Groupon Inc. chopped its stated revenue by more than half in an updated SEC filing Friday as it corrected the way it accounts for money it receives selling coupons. The online deal site also said that its chief operating officer, Margo Georgiadis, has gone back to Google, where she worked before joining Groupon in May.
Groupon, which offers consumers a variety of deals each day targeted for their preferences and city, has been preparing for its initial public offering. It first filed registration papers with the Securities and Exchange Commission in June.
The company's restatement Friday indicates it is still planning on an IPO, though it's uncertain when that will occur. A media report this month indicated the company may delay its plans due to the stock market's volatility.
In the revision, instead of giving the total amount its customers pay for coupons as its revenue, Groupon now uses the amount it actually keeps. That's is because Groupon always gives a cut of its total take to the merchants where coupons will be redeemed — most often restaurants or spas.
Groupon is now saying its 2010 revenue was $312.9, instead of $713.4 million. And its revenue in this year's second quarter was $392.6 million, it now says, not $878 million, as it reported before. The change barely affects Groupon's reported losses.
The amended filing also included most of a memo Groupon CEO Andrew Mason sent to employees last month that was leaked to the press. The SEC imposes a "quiet period" on companies before an IPO, limiting what they can say publicly.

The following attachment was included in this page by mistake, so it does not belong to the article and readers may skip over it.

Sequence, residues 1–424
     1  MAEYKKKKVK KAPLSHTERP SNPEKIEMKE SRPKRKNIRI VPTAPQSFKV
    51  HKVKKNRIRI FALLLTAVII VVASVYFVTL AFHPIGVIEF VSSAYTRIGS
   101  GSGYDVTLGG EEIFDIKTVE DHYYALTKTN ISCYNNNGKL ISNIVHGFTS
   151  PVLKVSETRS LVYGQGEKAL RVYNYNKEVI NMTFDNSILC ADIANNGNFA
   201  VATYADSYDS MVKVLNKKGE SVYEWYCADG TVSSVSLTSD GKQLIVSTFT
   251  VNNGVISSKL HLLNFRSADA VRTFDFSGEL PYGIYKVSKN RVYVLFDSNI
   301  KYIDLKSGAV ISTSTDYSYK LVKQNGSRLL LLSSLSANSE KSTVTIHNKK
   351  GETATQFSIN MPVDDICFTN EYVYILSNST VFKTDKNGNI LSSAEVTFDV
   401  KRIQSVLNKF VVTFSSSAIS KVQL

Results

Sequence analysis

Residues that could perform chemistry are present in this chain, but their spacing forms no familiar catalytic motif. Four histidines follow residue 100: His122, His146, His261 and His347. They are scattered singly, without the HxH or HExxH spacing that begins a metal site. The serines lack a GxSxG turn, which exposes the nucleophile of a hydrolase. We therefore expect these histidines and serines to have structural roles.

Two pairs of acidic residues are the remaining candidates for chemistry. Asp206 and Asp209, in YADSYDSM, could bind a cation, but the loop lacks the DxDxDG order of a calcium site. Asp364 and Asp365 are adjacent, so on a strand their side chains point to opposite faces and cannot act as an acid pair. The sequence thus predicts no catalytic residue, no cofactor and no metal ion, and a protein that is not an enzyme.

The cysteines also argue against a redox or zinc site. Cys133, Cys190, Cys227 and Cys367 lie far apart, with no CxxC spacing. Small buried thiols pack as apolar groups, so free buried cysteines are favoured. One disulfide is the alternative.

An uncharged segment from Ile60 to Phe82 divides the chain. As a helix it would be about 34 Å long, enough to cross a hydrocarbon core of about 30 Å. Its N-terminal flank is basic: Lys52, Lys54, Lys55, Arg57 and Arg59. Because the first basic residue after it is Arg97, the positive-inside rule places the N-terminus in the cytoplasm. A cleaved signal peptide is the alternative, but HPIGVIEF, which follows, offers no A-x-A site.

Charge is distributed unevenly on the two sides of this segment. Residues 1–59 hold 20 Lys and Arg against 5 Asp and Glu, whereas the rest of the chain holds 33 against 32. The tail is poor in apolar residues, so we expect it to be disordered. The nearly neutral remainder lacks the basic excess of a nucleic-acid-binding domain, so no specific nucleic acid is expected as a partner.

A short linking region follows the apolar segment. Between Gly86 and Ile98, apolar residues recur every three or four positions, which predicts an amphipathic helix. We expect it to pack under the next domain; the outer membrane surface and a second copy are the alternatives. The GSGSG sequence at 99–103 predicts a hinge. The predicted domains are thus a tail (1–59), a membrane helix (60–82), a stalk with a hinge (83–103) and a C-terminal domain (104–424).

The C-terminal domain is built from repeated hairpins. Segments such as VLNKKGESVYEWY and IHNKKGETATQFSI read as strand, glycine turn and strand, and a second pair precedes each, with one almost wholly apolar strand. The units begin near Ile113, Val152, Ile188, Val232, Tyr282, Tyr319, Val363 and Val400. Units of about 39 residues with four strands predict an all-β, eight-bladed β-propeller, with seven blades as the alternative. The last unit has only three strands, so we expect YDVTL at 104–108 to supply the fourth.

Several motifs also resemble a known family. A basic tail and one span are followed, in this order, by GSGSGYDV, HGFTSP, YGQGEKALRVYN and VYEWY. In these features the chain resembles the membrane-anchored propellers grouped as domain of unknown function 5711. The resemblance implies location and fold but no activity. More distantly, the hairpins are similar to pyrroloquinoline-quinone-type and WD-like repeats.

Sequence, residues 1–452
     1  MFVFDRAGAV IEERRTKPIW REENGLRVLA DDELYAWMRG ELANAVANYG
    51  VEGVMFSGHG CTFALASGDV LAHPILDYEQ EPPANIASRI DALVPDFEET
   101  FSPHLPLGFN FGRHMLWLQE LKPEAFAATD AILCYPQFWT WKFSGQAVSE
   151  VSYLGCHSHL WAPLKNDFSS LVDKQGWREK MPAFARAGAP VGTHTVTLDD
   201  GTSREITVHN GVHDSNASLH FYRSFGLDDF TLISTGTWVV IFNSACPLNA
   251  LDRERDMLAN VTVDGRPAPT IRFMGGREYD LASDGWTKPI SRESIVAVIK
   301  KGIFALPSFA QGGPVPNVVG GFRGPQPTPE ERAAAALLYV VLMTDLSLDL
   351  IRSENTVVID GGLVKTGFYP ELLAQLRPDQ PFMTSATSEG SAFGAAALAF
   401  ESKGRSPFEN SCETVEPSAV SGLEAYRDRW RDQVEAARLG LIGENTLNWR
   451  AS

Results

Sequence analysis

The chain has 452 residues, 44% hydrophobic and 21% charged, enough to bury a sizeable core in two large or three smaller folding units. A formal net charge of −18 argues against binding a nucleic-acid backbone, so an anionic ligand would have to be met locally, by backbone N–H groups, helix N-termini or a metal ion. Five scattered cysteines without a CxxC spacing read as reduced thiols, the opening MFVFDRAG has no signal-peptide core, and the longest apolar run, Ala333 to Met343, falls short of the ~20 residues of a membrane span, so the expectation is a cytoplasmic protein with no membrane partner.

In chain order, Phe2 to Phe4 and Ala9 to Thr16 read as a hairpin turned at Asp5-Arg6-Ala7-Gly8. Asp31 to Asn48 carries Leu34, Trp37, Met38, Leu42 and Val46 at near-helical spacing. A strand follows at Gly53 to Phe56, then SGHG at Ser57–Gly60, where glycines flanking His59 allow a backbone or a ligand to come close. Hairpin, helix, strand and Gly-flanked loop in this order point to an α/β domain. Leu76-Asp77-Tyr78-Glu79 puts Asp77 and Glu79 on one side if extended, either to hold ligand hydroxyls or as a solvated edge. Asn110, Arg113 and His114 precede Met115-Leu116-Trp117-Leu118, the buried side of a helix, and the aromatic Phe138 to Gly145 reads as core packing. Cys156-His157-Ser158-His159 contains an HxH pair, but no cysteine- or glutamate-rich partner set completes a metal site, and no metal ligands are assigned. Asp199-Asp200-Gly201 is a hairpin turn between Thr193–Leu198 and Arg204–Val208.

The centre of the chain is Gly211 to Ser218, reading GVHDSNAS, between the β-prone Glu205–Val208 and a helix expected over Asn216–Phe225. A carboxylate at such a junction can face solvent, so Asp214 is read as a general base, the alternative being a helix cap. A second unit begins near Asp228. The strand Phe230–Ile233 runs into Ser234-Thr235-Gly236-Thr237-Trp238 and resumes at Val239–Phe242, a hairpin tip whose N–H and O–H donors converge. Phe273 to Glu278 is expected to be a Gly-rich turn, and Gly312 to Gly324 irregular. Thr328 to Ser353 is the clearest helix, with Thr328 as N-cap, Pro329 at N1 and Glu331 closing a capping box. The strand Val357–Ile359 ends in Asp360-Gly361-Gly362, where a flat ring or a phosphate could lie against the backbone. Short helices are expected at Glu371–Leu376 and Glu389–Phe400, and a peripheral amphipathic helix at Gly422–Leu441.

In the memo, Mason spoke positively about the company and defended Groupon's use of an unusual profit metric in its initial IPO registration, a move it reversed in August. The original filing used a metric that excluded the site's large costs for marketing and subscriber-acquisition. Groupon later removed the metric, known as "adjusted consolidated segment operating income," or ACSOI.
Mason announced Georgiadis' departure Friday on Groupon's blog, saying she will become president of Google's Americas region. He said Groupon's sales, channels, international and marketing teams will now report to him.
Google Inc. confirmed that Georgiadis had been re-hired to take over for Dennis Woodside, who will now lead the search company's integration of Motorola Mobility Holdings Inc., which it said in August that it plans to buy for $12.5 billion.
In the blog, Mason quoted Georgiadis as saying in a note that the decision to leave was "hard" and she has "complete confidence in the team's ability to realize its mission."